ISLAMABAD: Pakistan Peoples Party (PPP) Senator Farhatullah Babar has said that Pakistan and United States relations have traditionally been transactional in nature.
He said this while commenting on President Trump's policy towards Afghanistan and South Asia at a seminar organized by Area Study Centre for Africa, North and South America (ASC), Quaid-i-Azam University here.
Senator Farhatullah Babar, Senator Afrasiab Khattak, Khalid Mahmood and Dr Shaheen Akhtar, at the seminar explored different dimensions of President Trump's policy towards Afghanistan and South Asia, highlighted its impacts and consequences in the light of complex regional geo-strategic environment and suggested some policy recommendations in order to cope with the emerging challenges posed by the new US foreign policy objectives.
While speaking on the occasion Senator Farhatullah Babar said that the strategic relations between the US and India existed since long; however, President Clinton's tenure brought a noticeable strategic shift in the US policy towards South Asia, said a press release.
The Senator argued that Trump's policy was a continuation of that strategic shift. He acclaimed the response by government of Pakistan while referring to the statement issued by Defense and Interior ministers that “we have to put our own house in order".
He also appreciated government's efforts to sensitize the international community about the sacrifices and endeavors of Pakistan against terrorism; however, he maintained that it was more pertinent to sensitize institutions within Pakistan.
He suggested to revisit Pakistan's policy towards Afghanistan and banned militant groups.
He said that there should be no distinction among different groups of Taliban; they should be dealt with the same yardstick.
Babar said, “when an economically improvised, and socially, ethnically and politically divided country uses or appears to use non-state actors to project its power beyond its boundaries, it becomes extremely dangerous."
Chairman ISSI Khalid Mehmood highlighted the Chinese perspective regarding the new US strategy towards Afghanistan and South Asia.
He said a new war – Trump's war – was going to start in Afghanistan, as Chinese perceive, which was aimed at crushing Taliban, rather than nation-building.
He maintained that the USA wanted India to play an influential role in Indo-Pacific Region. Therefore, India has intensified its maneuverings in the Pacific region.
Dr. Shaheen Akhtar, Head of IR Department, National Defense University Islamabad also agreed with Mr Khalid regarding India's augmenting presence in Pacific region while highlighting India's role in the Evolving Regional Order under President Trump's Policy.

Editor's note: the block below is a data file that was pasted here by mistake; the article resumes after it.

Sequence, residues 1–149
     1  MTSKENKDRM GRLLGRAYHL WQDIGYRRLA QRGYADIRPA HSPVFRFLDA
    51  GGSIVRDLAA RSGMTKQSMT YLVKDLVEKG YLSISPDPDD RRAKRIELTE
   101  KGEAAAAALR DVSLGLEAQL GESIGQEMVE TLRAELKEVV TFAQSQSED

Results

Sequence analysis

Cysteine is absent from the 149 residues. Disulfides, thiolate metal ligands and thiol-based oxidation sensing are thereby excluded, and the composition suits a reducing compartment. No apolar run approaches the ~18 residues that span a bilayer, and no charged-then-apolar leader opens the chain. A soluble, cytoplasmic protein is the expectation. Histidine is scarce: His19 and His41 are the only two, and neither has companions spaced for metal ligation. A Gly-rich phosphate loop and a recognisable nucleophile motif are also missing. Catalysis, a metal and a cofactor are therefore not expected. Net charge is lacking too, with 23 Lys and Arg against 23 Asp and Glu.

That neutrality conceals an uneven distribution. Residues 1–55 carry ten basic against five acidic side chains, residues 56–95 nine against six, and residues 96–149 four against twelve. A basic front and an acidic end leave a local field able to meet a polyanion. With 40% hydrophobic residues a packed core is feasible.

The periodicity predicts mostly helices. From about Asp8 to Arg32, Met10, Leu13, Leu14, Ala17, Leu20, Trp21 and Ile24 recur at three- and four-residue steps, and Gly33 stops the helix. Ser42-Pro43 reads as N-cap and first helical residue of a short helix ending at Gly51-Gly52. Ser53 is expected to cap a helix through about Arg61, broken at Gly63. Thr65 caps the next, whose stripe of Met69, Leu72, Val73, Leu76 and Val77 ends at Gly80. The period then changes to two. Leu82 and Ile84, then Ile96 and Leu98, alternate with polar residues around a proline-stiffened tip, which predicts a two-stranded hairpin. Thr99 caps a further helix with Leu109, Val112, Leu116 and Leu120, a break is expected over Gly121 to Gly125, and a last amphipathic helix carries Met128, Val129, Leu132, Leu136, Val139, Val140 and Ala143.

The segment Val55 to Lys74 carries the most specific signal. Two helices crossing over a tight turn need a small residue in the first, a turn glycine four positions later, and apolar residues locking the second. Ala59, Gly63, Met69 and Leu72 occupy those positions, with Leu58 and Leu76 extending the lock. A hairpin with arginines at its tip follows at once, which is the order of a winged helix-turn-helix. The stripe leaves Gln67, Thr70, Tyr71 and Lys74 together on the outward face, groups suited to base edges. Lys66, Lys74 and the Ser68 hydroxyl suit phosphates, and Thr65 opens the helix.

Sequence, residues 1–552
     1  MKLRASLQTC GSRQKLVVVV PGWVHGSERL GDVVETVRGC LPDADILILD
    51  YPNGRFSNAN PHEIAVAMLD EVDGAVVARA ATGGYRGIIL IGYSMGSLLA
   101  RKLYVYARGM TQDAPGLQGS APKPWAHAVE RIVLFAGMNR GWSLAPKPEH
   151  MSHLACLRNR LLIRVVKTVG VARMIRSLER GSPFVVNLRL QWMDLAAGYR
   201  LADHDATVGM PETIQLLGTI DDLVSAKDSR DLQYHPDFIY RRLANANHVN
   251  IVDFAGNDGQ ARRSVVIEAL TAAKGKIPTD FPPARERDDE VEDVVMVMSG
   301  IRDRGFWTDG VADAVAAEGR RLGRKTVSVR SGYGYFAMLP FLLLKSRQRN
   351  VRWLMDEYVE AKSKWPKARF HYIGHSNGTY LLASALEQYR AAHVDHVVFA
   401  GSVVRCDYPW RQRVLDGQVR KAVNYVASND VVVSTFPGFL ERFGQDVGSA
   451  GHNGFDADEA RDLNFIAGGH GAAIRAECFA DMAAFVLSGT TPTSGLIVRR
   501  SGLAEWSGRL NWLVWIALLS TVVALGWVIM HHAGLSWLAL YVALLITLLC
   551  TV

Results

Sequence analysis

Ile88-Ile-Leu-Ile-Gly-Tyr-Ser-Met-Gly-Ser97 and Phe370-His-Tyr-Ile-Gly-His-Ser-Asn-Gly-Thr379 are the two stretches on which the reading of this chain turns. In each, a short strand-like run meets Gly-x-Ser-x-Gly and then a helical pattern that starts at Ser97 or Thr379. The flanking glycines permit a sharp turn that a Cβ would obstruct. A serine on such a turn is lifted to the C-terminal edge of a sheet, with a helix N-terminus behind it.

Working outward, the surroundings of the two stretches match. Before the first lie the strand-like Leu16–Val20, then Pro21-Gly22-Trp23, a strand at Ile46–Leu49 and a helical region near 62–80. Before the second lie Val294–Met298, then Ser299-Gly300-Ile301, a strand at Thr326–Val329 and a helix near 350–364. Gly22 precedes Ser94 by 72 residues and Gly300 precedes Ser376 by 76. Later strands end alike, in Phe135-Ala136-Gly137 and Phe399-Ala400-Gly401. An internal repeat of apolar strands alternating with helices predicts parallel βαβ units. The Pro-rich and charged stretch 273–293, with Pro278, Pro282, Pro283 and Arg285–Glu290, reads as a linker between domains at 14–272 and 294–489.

The US policy, she argued, should be analyzed through the prism of `emerging Asia super complex' in which China is emerging gradually.
Dr. Shaheen further said that the US wanted India to balance the emerging China at regional level.
Senator Afrasiab Khattak, while analyzing the Trump's policy, said that it contained smarter military strategy, with its focus on counter-terrorism and no timelines.
He labelled Obama's policy towards Afghanistan as a `bankrupt military strategy' while referring to the deployment of over hundred thousand troops in Afghanistan and announcing withdrawal plan at the same time.
However, the Trump's policy, Mr. Khattak claimed, was supposedly devised by military minds; therefore, it lacked political dimensions by excluding the major regional actors, including China, Russia and Central Asian states.
Former Senator categorized One Belt-One Road (OBOR) initiative of China as the foundation of the emerging New World Order.
He maintained that China was trying to translate its soft image into political influence. Russia was equally a key player in the region, said Mr Khattak.
He further added that the Taliban were never prime target of the US; rather, it was Al-Qaeda. However, Taliban might pose a threat to China and Russia.
Khattak was of the view that Pakistan supported Talibanization in Afghanistan during last couple of decades of the 20th century.
Pakistan, by and large, had to shift its policy from geo- strategic to geo-economic perspective, if it desired to achieve long-term foreign policy success in the region, he maintained.
Earlier, in the opening remarks, Prof. Dr. Javed Ashraf, Vice Chancellor Quaid-i-Azam University and Prof. Dr. Syed Waqar Ali Shah, Acting Director ASC and Dean Faculty of Social Sciences, welcomed the distinguished guests from different embassies including the US, Russia, France and Sweden, along with the members of think tanks, academicians, and students from different universities of Rawalpindi and Islamabad.
Dr. Syed Waqar Ali Shah also presented the university souvenirs to the respected speakers at the end of seminar.